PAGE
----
Hidden Gem

North Carolina Baseball Museum

It doesn’t get much better than taking in a baseball game on a warm summer night … sipping a cold beer, savoring a slaw-slathered hot dog, listening to the roar of the crowd. We are fortunate enough here in the Triangle to have many opportunities to do just that – no matter if you’re cheering on the Durham Bulls, the Carolina Mudcats, the Wilson Tobs, the new Fayetteville Woodpeckers, or any other local North Carolina team, rooting for the home team brings about a sense of good ol’ American pride. It’s easy to see why baseball is considered our nation’s favorite pastime.

Baseball is big around our parts – with the just-mentioned minor league teams scattered around the region, multiple universities with prominent teams surrounding us, and youth leagues playing at almost every ball field in town, it’s no wonder that local businesses and individuals rallied together to found this issue’s “Hidden Gem” – the North Carolina Baseball Museum.

Comfortably seated in Wilson, on the third-base side of historic Fleming Stadium (home of the Wilson Tobs), you will find the North Carolina Baseball Museum – a “monument” of sorts to all things baseball in our state. Within the over 3,300-square-foot museum, you will discover more than 6,000 items of baseball memorabilia, including baseball cards, letters, and game-worn items of players past and present, with a special emphasis on many of the 400+ North Carolina players who had the opportunity to play Major League Baseball. A major attraction of the museum are the seven glass cases dedicated to those North Carolina ballplayers who were elected to baseball’s Hall of Fame in Cooperstown, New York. Those players are Luke Appling, Rick Ferrell, Jim “Catfish” Hunter, Gaylord Perry, Buck Leonard, Enos Slaughter, and Hoyt Wilheim.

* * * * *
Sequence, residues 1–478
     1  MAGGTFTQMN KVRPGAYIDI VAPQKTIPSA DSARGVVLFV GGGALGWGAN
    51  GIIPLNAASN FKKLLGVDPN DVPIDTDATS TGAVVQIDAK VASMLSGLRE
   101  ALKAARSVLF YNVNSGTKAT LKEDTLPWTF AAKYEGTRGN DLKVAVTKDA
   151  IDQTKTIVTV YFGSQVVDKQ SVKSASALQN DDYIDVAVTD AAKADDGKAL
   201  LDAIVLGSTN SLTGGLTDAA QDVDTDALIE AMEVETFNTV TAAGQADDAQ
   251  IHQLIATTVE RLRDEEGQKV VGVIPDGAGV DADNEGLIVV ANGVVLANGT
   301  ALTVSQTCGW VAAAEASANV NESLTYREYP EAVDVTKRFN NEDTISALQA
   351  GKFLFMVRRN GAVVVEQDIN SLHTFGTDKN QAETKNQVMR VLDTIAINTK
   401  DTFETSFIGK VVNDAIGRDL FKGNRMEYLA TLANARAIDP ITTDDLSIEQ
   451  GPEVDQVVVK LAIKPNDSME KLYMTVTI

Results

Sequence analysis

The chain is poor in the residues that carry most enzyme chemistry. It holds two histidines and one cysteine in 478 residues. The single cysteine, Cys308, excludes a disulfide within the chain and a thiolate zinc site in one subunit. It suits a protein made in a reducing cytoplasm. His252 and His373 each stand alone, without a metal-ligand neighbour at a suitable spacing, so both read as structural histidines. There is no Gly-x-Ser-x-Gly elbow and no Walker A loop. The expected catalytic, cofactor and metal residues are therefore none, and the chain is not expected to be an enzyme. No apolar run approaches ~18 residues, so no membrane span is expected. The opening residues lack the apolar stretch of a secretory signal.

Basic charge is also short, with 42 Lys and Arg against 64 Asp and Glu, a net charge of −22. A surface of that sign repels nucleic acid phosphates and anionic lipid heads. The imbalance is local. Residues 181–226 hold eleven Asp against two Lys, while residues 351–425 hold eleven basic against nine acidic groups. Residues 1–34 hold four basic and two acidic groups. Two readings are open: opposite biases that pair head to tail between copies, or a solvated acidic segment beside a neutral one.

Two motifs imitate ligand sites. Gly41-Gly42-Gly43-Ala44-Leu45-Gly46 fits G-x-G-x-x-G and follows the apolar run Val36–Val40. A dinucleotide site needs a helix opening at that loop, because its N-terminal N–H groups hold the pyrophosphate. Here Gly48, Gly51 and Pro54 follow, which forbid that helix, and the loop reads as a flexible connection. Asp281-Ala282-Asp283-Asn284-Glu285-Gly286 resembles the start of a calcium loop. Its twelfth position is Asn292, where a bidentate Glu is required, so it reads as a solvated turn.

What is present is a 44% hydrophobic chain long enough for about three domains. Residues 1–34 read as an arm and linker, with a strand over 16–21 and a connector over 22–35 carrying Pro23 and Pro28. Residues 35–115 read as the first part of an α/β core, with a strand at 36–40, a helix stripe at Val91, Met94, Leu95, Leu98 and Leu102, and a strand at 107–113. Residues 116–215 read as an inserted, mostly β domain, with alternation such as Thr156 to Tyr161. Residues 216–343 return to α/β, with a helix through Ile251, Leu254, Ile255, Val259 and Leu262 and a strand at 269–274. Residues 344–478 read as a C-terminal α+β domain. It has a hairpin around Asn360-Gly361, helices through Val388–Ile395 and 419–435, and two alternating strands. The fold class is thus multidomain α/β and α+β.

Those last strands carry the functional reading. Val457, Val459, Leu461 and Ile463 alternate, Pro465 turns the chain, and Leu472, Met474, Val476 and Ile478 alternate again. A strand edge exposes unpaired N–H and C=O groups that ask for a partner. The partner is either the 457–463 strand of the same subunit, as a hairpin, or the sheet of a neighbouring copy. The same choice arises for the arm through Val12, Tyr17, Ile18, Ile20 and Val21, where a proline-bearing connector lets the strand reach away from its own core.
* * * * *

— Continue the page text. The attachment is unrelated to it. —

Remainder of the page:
Within another space you will encounter items covering the former Negro League players, women in baseball, and minor league teams, as well as college and high school teams throughout North Carolina. Game-used jerseys hang from the ceiling where baseball fans can immerse themselves into the vast history and success of baseball right here in our state. And you can’t miss the museum’s “Walk of Fame,” a collection of bricks to commemorate, honor, and recognize players, fans, and their families.

Open since 2004, the non-profit North Carolina Baseball Museum is staffed primarily by volunteers – those who share the love of the sport with visitors, year-round, every Thursday through Sunday when the doors are open to the public (hours are 10:00 AM – 4:00 PM Thursdays, Fridays, and Saturdays, and 1:00 PM – 5:00 PM Sundays; admission is $3 for ages 18-65, and $1 for all other ages). In the 15 years that it’s been delighting die-hard baseball fans, the museum has welcomed visitors from all 50 states and international visitors from more than 15 countries.

So if you too are interested in learning fun and fascinating facts and stats about baseball – such as the tidbit that Babe Ruth hit his first professional home run in nearby Fayetteville in 1914 – as well as wander among the thousands of mementos and artifacts related to the game and players across North Carolina, head on over about 35 miles east of Wake Forest and visit this “Hidden Gem.”